The stark comparison is evident. Dominique Strauss-Kahn was reported to be "on private business" in New York. Did the IMF pick up the tab for his private visit to New York? Did he pay his own bill out of his own pocket. The facts await. Strauss-Kahn had a palatial $3000-a-night suite at the Sofitel Hotel, minutes from Times Square.

Whether or not IMF picked up his hotel and meals tab, is this the style to which IMF bureaucrats should become accustomed? Even if it is his own money, how does he stay in touch with the needs of poor people in Sierra Leone and Togo? By affecting a lifestyle that is unrecognizable by these poor people?

The lofty IMF has to set a standard of austerity and connectedness with the people it serves. If an alleged rape of a hotel maid, a WORKER, can teach the mighty IMF that its exalted bureaucrats can be brought face to face with ground reality, a reality of poverty, rape and faced every day especially by the female poor of the Global South, then this horrific instance in a luxury hotel in New York may serve as a sobering, valuable wake up call for the power elites of the IMF.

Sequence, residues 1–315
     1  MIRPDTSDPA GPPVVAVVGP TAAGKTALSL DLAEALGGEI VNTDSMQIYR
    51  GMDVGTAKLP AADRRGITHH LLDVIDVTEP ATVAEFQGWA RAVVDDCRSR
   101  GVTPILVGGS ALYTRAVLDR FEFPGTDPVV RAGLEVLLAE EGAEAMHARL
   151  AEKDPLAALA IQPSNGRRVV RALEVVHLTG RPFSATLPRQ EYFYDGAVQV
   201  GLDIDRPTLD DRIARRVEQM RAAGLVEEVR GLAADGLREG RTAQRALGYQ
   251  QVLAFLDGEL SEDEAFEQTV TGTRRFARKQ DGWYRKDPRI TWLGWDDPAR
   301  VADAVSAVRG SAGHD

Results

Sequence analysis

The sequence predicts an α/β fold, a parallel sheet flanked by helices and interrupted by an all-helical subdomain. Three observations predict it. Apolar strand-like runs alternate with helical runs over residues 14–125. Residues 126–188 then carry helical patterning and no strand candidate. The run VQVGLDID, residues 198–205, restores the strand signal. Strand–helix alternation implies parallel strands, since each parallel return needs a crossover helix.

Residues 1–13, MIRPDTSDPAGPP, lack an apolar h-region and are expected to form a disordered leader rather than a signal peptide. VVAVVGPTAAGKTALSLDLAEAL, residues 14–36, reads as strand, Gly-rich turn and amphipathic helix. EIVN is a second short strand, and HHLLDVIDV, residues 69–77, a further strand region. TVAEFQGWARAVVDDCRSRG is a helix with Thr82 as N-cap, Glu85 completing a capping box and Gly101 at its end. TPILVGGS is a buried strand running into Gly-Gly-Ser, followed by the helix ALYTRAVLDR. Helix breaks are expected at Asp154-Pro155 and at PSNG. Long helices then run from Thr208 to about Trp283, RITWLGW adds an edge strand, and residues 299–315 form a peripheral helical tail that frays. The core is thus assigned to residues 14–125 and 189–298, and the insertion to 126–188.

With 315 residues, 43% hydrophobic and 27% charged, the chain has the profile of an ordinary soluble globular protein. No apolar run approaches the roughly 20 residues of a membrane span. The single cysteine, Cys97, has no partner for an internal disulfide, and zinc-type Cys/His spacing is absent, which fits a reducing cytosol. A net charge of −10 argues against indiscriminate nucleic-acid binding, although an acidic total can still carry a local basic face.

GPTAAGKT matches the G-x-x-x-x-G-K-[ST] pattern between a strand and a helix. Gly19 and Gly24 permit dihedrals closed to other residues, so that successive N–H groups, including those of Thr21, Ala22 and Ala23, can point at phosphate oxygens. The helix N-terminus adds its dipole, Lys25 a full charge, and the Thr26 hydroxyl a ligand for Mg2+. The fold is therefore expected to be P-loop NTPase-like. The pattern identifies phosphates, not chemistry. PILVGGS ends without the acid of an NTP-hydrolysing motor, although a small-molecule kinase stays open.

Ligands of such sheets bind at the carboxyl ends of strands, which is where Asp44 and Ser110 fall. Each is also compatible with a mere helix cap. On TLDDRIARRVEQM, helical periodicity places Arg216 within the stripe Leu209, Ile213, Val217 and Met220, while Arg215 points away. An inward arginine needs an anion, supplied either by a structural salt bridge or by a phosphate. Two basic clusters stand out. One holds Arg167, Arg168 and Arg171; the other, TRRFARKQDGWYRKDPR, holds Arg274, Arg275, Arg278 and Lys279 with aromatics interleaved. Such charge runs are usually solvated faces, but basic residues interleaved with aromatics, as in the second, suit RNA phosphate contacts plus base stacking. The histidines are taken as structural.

More likely not.
Unless We the People speak up.

Power Corrupts.

Absolute Power Corrupts Absolutely.
Reuters Copyright
At scandal-hit IMF, HQ staff is stoic and silent

Related News

French woman may file Strauss-Kahn sex complaint
11:43am EDT
Sex, lies and the reckless choices of the powerful
6:18am EDT
WRAPUP 18-Handcuffed IMF chief charged in sex assault case
3:00am EDT
Analysis: IMF chief's arrest may speed up succession battle
Sun, May 15 2011
France in shock as IMF chief charged with sex assault
Sun, May 15 2011

Analysis & Opinion

Strauss-Kahn allegations are consequential for the global economy
Strauss-Kahn scandal: presidential hopes are all but dead

By Margaret Chadbourn

WASHINGTON | Mon May 16, 2011 1:32pm EDT

(Reuters) - With a downward gaze and a brisk walk past the line of camera crews, International Monetary Fund staff stoically reported for work on Monday after their charismatic boss landed in jail on sex charges.

The IMF told workers in a mass e-mail on Sunday to avoid talking to the media about Managing Director Dominique Strauss-Kahn's arrest in New York on Saturday for attempted rape of a hotel maid, employees said.